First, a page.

Per recent legislation passed by its hard-line parliament, Iran’s government was forced to limit the sweeping – and surprise – inspections by the IAEA, and will now allow only planned visits to declared nuclear sites.
“The snap inspections issue makes it easier for them to break away, and it’s a clear violation of the agreement,” Dr. Ephraim Asculai, a 40-year veteran of Israel’s Atomic Energy Commission and the IAEA, told The Media Line.
“Everything the Iranians do adds a level of pressure. They’re playing this very wisely, advancing extremely slowly but advancing nonetheless.” 
While both sides want to reach an understanding, Esculai sees Iran as holding the better hand in the game.
“It’s almost a win-win situation for them, because either they remove the sanctions or advance toward a nuclear weapon,” the senior research fellow at Tel Aviv University’s Institute for National Security Studies said. 
“Their latest steps, even though they are measured and retractable, make it easier for them one day to break for a nuclear weapon, if they so decide. It shortens their time frame. On the other hand, if a miracle somehow happens and the US removes all sanctions, that’s also great for Iran.”
“The US has to do something, show some progress. But it’s clear Biden can’t afford to fully capitulate. He’s in a much more delicate situation,” Asculai noted.
Prof. Eytan Gilboa, an expert on US Middle East policy at Bar-Ilan University’s Begin-Sadat Center for Strategic Studies, told The Media Line that “Biden has already gotten off on the wrong foot. You can’t show you want the agreement more than the other side; it automatically gives them the advantage.”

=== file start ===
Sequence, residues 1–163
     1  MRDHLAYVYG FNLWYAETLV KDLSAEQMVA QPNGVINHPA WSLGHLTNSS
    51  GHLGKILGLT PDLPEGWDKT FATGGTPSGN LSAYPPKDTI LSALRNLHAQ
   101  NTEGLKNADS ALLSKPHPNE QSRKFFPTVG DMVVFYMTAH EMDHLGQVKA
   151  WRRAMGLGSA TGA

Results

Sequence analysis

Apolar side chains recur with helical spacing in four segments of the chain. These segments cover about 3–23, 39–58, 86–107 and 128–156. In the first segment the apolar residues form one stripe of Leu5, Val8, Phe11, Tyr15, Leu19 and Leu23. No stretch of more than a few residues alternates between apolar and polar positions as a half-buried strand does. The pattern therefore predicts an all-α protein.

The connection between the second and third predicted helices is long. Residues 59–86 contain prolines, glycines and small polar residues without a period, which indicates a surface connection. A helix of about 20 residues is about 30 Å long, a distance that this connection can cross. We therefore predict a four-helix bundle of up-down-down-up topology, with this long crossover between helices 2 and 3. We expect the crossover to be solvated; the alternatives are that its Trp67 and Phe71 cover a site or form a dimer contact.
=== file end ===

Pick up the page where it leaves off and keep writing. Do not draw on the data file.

“[Secretary of State Antony] Blinken said himself Iran is only a few months from breaking away [toward acquiring a nuclear weapon]. Israel is more optimistic about the timeframe, but the US just wants to send a message that negotiations must start soon. That gives the impression that you’re more enthusiastic than the other side. It’s going to be a major source of friction between Jerusalem and Washington.”
Gilboa, a former adviser to Israel’s Foreign Ministry and the Prime Minister’s Office, identifies another problem with Washington’s opening stance.
“You can’t negotiate without the military option on the table. Right now, it’s clear the White House has no appetite for military action. They are repeating the same mistakes of the 2015 talks.”
A major actor in the game, Israel’s intelligence, military and diplomatic leadership will on Monday hold an emergency meeting ahead of potential US-Iran talks.
“Israel has only the diplomatic alternative,” Esculai insists. 
“There’s no point in dealing with the Russians and Chinese, but the British, French and Germans can be persuaded, even though their interests don’t necessarily align with Jerusalem’s. For Israelis, this is existential. For Europe, it’s mostly financial.”
Escuai believes diplomatic overtures in Washington may also be effective, unlike the last round in 2015.
“We have to talk with them. We won’t reach the head-on confrontation we had with Obama. Biden is different, although his administration includes a lot of individuals that were there in the Obama years and were participants in the agreement’s drafting.”